My swim cap is off to Michael Phelps.
He is a sick athlete and a true source of pride for the swim community and America in general. He’s won 22 Olympic medals over an 8-year period during three Olympics. He has set and broken a ridiculous number of world records and has (except for one minor bong incident!) behaved like a true gentleman. He is a young man that any mother would be proud of and an athlete who will be remembered forever.
But (and here come the boos) I question whether or not it’s fair to laud him as "the most decorated Olympian in American history".
Why? Let’s look at it this way. There are currently 17 events in which male swimmers can compete at the Olympic games. The Olympic Committee breaks down swimming into individual races, relays, medleys, backstroke, breaststroke, butterfly, 100 meters, 200 meters, 400 meters and the list goes on. In total, Phelps could have competed in 51 Olympic events during his Olympic career. In reality, he won 22 – pretty impressive. Looking at it another way, he won a medal in 43% of the events in which he was eligible to compete and he won Gold in 35% of his eligible events.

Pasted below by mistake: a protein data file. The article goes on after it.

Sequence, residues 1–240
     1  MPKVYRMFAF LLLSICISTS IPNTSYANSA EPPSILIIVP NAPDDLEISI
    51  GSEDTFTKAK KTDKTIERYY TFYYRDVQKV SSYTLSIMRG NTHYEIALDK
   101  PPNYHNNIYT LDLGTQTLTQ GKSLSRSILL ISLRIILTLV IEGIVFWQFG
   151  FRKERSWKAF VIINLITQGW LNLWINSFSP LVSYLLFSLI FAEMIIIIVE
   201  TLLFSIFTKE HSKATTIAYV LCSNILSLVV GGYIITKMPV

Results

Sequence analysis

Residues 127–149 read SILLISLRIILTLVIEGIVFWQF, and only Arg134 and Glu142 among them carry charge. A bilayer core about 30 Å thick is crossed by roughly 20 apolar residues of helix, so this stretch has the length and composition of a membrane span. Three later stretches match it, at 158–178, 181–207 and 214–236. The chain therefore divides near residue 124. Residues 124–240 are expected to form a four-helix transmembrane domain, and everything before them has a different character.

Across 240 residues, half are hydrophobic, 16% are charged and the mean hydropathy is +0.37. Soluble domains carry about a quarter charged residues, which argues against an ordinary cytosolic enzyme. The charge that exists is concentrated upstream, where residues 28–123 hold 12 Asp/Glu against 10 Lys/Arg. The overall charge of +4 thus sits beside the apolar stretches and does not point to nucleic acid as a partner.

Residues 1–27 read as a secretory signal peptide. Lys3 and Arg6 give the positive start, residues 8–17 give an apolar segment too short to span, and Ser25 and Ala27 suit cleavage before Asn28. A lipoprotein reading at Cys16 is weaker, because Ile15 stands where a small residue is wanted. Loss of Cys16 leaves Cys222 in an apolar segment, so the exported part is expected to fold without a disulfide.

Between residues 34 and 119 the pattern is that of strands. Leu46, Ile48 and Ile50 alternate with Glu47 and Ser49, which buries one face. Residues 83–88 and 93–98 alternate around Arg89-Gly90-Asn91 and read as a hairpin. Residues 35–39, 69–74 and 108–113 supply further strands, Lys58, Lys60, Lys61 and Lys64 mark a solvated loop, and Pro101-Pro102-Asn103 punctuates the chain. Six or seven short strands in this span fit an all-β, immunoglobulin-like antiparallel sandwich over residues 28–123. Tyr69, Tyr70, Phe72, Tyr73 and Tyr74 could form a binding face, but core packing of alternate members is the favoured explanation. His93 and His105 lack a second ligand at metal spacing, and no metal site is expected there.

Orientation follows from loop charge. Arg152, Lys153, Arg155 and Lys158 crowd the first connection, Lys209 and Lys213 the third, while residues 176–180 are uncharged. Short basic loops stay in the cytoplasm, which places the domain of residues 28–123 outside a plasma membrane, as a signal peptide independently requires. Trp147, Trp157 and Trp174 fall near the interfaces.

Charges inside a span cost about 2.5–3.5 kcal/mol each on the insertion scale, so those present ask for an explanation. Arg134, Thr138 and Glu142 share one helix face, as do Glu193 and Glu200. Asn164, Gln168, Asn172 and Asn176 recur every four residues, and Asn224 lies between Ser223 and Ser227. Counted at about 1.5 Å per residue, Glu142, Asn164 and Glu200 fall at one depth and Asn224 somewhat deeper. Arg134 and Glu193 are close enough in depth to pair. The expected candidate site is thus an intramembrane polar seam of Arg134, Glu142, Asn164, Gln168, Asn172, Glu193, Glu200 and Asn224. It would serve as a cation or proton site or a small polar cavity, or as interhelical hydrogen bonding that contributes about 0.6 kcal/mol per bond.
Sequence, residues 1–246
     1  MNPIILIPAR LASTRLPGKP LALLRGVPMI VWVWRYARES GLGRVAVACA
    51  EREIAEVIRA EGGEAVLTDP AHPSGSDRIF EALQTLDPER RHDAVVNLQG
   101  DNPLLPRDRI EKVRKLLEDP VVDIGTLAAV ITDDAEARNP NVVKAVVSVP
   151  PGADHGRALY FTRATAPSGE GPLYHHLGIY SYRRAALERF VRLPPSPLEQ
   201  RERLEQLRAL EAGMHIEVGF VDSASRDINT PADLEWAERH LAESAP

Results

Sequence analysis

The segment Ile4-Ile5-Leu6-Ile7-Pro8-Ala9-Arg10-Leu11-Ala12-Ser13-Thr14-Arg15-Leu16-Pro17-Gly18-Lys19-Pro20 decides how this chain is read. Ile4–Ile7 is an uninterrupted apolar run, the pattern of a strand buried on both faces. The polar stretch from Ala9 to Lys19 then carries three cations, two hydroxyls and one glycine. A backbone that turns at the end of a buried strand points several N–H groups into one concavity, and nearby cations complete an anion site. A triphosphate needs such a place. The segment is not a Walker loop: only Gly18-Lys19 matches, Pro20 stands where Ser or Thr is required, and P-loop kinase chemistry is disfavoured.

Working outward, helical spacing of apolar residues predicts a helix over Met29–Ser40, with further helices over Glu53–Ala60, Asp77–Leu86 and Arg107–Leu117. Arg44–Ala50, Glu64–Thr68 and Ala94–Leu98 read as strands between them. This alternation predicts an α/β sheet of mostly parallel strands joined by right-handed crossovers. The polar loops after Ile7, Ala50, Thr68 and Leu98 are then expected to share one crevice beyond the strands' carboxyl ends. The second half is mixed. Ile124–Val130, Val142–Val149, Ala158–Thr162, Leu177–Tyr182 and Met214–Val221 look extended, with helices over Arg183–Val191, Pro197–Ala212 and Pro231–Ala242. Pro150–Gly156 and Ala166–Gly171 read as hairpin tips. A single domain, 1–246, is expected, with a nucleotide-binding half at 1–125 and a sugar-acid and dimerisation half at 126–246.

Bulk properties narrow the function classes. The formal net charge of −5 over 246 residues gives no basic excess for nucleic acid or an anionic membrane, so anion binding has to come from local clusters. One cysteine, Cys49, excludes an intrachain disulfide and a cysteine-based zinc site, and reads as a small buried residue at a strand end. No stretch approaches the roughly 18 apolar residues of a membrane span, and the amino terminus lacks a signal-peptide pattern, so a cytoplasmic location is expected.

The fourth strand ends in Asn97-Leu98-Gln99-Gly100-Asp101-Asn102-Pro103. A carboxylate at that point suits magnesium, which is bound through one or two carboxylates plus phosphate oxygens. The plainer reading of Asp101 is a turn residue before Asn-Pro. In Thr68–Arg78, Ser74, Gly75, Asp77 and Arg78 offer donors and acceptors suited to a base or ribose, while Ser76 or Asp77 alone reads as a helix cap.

Olympian Michael Phelps Credit Image: © Kai FõSterling/EFE/ZUMAPRESS.com
Now let’s look at someone like Misty May-Treanor. She is an amazing beach volleyball player (not to mention the fact that, when she runs, nothing jiggles!). She has also competed in the Athens, Beijing and London summer Games, just like Michael Phelps. Yet her sport only offers one competition per Olympics, rather than the 17 offered in swimming. It is just Beach Volleyball. There isn’t a medal for Beach Volleyball on Hot Sand, Beach Volleyball at Dusk or Beach Volleyball with a Slight Breeze. Yet Misty has won a Gold medal in each of her three Olympics. Thus, her success rate is 100% of all possible Gold medals available in her sport compared to Phelps’ 35%.
Do you see where I’m going with this? They’re both amazing athletes yet, of course, Phelps is going to be “more decorated” because his sport offers more decoration. Does that make him a better Olympian?
I think playing up his “most decorated” status is an unfair comparison to other Olympians who are at the top of their game but whose sport doesn’t offer as many competitions. I say we continue to give Phelps his props, but chill out on the superlatives. He is clearly THE BEST swimmer our nation (and perhaps the world!) has ever seen. But to call him the best athlete or the best Olympian or the most decorated Olympian is an unfair comparison. It only serves to belittle the amazing efforts put forth by all of the other amazing US Olympic athletes whose sports don’t offer as many events per Olympics as swimming.
Phew – feels good to get that off my chest.
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